Comparison of LII derived soot temperature measurements with LII model predictions for soot in a laminar diffusion flame

TitleComparison of LII derived soot temperature measurements with LII model predictions for soot in a laminar diffusion flame
Publication TypeJournal Article
Year of Publication2009
AuthorsSnelling, D, Thomson, K, Liu, F, Smallwood, G
Journal TitleApplied Physics B: Lasers and Optics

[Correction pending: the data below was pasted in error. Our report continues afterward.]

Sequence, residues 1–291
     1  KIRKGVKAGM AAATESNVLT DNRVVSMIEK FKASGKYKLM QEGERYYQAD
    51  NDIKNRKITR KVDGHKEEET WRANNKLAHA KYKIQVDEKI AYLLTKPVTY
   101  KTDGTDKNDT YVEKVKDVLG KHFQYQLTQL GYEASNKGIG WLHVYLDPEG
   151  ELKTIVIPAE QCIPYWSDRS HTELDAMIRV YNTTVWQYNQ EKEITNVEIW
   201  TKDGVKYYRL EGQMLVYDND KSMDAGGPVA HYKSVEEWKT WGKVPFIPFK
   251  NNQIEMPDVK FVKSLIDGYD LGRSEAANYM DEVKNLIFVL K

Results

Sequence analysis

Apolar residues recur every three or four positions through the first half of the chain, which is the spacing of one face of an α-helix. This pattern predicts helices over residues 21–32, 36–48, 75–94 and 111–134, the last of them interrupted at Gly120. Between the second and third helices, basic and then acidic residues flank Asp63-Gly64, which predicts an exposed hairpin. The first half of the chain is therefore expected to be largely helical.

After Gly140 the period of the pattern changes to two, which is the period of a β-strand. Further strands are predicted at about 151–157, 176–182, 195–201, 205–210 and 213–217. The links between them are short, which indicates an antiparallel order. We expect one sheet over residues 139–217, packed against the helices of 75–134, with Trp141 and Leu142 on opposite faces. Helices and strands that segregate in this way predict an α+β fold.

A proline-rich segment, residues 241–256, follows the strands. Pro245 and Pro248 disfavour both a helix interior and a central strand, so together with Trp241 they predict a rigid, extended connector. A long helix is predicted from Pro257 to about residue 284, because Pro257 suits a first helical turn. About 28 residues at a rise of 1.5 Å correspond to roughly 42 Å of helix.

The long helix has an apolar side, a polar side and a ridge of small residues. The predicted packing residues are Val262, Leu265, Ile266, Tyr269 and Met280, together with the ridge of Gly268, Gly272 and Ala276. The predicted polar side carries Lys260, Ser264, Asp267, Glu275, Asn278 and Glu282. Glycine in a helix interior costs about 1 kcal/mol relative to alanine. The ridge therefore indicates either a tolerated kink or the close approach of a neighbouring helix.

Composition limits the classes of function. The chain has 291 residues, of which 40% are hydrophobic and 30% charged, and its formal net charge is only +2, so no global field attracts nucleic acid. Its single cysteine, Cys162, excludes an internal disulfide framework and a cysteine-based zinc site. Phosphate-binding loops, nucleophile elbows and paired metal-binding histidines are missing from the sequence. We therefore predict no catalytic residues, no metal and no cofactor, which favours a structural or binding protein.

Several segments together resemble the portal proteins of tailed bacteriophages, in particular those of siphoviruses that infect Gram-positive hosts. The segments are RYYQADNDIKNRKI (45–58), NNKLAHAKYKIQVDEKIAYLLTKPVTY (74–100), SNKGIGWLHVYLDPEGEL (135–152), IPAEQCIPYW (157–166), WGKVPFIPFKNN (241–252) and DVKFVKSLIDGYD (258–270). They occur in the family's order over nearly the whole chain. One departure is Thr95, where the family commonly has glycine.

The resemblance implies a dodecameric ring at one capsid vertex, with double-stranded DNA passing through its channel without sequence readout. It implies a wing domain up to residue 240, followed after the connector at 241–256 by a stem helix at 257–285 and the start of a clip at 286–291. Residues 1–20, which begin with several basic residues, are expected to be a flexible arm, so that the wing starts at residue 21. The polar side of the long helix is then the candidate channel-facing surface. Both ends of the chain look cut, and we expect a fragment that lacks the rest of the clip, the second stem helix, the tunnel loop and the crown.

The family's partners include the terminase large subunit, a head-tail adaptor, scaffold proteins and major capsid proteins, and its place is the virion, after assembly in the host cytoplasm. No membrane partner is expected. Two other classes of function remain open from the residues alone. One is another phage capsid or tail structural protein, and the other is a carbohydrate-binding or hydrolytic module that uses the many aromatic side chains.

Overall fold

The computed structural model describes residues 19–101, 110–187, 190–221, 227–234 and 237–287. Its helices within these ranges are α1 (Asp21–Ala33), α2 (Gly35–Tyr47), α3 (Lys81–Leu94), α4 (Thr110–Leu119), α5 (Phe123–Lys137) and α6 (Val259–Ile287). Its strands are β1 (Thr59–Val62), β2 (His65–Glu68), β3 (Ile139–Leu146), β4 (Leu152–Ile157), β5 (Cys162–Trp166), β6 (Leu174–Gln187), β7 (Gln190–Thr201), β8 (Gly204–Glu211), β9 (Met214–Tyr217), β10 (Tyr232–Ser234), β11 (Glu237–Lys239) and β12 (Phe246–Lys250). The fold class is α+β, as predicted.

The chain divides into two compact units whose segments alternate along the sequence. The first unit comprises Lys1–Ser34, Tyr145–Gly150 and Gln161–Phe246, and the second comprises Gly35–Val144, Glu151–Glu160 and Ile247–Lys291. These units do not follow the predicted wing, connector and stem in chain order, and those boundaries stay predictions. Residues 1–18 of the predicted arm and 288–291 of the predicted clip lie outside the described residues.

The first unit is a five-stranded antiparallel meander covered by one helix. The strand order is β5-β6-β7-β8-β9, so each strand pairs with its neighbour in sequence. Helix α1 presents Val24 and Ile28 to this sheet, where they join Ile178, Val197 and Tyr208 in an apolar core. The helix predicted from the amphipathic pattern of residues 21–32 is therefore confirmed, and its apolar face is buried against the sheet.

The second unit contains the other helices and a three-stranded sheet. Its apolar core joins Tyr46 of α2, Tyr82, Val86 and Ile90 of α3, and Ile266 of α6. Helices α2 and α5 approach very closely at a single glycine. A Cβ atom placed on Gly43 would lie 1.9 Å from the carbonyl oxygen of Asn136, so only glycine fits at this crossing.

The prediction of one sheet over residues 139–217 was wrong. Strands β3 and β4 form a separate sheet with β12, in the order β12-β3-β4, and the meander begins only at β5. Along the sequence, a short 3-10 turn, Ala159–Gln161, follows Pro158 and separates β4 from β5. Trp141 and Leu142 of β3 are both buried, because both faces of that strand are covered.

Laser-induced incandescence (LII) was used to derive temperatures of pulsed laser heated soot particles from their thermal emission intensities detected at two wavelengths in a laminar ethylene/air co-annular diffusion flame. The results are compared to those of a numerical nanoscale heat and mass transfer model. Both aggregate and primary particle soot size distributions were measured using transmission electron microscopy (TEM). The model predictions were numerically averaged over these experimentally derived size distributions. The excitation laser wavelength was 532 nm, and the LII signal was detected at 445 nm and 780 nm. A wide range of laser fluence from very low to moderate (0.13 to 1.56 mJ/mm 2 ) was used in the experiments. A large part of the temporal decay curve, beginning 12–15 nsec after the peak of the laser excitation pulse, is successfully described by the model, resulting in the determination of accommodation coefficients, which varies somewhat with soot temperature and is in the range of 0.36 to 0.46. However, in the soot evaporative regime, the model greatly overpredicts the cooling rate shortly after the laser pulse. At lower fluences, where evaporation is negligible, the initial experimental cooling rates, immediately following the laser pulse, are anomalously high. Potential physical processes that could account for these effects are discussed. From the present data the soot absorption function, E ( m ), of 0.4 at 532 nm is obtained. A procedure for correcting the measured signals for the flame radiation is presented. It is further shown that accounting for the local gas temperature increase due to heat transfer from soot particles to the gas significantly improves the agreement in the temperature dependence of soot cooling rates between model and experiments over a large range of laser fluences.